One specific teaching that I especially appreciate is “using our emotions as the path to awakening." She speaks to the five "kleshas" or negative emotions (craving, aggression, ignorance, jealousy, and pride), and how, when we are able to 1) refrain from reacting and 2) adopt a positive view of these emotions, and 3) use these emotions as the path to awakening, we can gain the wisdom that each of these emotions teaches us.  If we build these habits as we live, we will be able to face death with curiosity and learning, and not fear.  Whatever klesha consumes us most frequently and most powerfully is the one we can gain the most wisdom from.

I also found quite fascinating the "stages of dissolution " or the changes our bodies and minds experience as we journey near to death: earth into water (body feels heavy, sight disappears), water into fire (feel thirsty, hearing goes), fire into air (feel cold, smell goes), air into consciousness (hard to breathe, taste goes), consciousness into space (respiration ceases, touch goes).

What you take with you into death are your "propensities."  Your propensities follow you into the death process.  For example, if you have a propensity for anger, you are likely to be angry as you die.  But we can change our propensities now.

There are some concepts Chödrön presents that I have heard too many times, or that simply do not resonate with me.  I will be curious to hear what resonates with you, if you take me up on this recommended and satisfying read.

September 2023


The Interestings

Meg Wolitzer

Fiction 2013, 468 pages

You know what?  The Interestings is not very interesting.  The story line doesn't amount to much.  The characters are awkward and stilted.  Their depth is missing.  The timeline shifts around inexplicably and leaves the reader feeling un-grounded.  I keep falling asleep reading this book; there is no tension. I am on page 135, but am deciding to call it quits.  I see that many people on Goodreads seem to agree with me.

Keep looking elsewhere for your end-of-summer novel!  That is what I am going to do.

September 2023



Rough Sleepers

Tracy Kidder

Nonfiction 2023 | 320 pages


I enjoy Tracy Kidder and his way of presenting reality.  I read House and Soul of a New Machine prior to Rough Sleepers. I expected Rough Sleepers to be about the state of homelessness in general, but instead, Kidder takes us on in-depth tour of homelessness in Boston, following the story of Dr. Jim O’Connell, a man who conceived of and made real actions to create a community of care for a city’s unhoused population, including those who sleep on the streets — the “rough sleepers.” Kidder spends five years following Dr. Jim and his dedicated colleagues as they serve thousands of homeless patients, both at Mass General Hospital and in a van the travels every Thursday night to find homeless people on the streets of Boston who need medical attention.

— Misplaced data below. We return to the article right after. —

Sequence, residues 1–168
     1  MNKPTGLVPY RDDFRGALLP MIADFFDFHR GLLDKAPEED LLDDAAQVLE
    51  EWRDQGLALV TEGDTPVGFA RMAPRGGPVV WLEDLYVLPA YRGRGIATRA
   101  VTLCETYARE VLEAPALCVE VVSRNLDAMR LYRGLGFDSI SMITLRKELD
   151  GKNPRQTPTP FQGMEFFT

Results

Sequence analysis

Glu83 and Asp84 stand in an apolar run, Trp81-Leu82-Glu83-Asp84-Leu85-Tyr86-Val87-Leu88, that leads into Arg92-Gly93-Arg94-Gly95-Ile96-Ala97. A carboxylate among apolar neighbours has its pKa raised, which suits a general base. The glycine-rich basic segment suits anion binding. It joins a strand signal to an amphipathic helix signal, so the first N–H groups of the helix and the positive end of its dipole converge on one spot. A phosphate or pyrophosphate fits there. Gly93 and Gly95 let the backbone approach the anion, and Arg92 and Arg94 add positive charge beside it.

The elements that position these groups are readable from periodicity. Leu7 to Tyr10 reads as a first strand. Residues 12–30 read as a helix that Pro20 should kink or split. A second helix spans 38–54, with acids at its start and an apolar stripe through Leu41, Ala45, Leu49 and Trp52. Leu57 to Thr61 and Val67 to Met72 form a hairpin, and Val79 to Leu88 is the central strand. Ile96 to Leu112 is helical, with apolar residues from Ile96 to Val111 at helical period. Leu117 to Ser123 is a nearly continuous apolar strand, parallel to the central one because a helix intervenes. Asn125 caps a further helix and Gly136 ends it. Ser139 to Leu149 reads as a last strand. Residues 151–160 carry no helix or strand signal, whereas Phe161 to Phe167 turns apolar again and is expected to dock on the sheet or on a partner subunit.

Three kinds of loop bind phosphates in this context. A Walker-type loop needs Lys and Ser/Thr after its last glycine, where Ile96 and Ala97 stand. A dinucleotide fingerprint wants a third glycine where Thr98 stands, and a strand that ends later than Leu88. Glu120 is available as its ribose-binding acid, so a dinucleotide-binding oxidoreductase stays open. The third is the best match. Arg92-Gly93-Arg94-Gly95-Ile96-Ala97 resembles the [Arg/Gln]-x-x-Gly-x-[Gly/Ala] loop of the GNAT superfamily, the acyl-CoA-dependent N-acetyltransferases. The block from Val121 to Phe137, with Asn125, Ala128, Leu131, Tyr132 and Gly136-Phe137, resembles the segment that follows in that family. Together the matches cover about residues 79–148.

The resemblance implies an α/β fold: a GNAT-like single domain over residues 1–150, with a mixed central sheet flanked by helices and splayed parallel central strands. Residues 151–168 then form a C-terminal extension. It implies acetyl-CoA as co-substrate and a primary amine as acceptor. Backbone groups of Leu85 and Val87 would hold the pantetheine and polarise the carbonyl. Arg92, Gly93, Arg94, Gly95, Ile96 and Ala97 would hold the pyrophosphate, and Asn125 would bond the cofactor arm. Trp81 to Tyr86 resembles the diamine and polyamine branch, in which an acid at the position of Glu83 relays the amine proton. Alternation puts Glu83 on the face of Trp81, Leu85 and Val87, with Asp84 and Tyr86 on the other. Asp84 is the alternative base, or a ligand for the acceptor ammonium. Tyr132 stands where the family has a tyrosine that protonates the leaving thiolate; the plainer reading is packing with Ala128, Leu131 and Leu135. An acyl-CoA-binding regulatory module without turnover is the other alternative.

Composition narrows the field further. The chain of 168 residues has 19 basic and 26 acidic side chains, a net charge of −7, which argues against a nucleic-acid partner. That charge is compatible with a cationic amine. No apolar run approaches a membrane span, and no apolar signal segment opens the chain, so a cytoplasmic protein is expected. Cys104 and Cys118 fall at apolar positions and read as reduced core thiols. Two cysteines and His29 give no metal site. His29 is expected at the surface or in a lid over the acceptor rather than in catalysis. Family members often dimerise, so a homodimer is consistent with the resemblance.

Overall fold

We also follow Tony Columbo, one of the homeless clients/patients of Dr. Jim, and the roller-coaster ride of homelessness.  We see the system through his eyes; someone who has spent three (or more?) decades on the streets.

I learned a great deal about homelessness from reading this non-fiction, which reads like a novel.  It is easy to absorb the story he tells, though it is often sad, and you may pull your hair out as your read about the challenges of the homeless seeking shelter beds, finding vouchers for studio apartments, staying safe and warm, and addressing the many medical issues that plague the “rough sleepers,” caused by drugs and alcohol addiction, mental illness, physical challenges, and the cold and violence of living on the streets.

I really appreciated this quote from page 349 in the Large Print edition, “At a gala to raise money, in 2018, Jim tells the audience, ‘I like to think of this problem of homelessness as a prism held up to society, and what we see refracted are the weaknesses in our health care system, our public health system, our housing system, but especially in our welfare system, our educational system, and our legal system --- and our corrections system.  If we are going to fix this problem, we have to address the weaknesses of all those sectors.’"

This bleak assessment helps us to see why solutions are so complex and elusive. Rough Sleepers helped me to understand why our myriad of quick-fix solutions don’t work.

I heartily recommend this book.  It will shed a humane light on the challenges of homelessness for you, without being overly solicitous or sappy.

August 2023

The Thursday Murder Club

Richard Osman

Fiction 2020 | 355 pages